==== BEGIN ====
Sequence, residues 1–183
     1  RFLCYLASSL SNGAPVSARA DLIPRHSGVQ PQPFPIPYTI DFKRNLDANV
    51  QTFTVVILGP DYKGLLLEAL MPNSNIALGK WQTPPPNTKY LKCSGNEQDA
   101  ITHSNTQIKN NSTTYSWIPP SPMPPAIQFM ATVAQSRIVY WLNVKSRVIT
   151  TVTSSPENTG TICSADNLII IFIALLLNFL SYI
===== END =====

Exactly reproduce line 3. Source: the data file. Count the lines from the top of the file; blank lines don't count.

    51  QTFTVVILGP DYKGLLLEAL MPNSNIALGK WQTPPPNTKY LKCSGNEQDA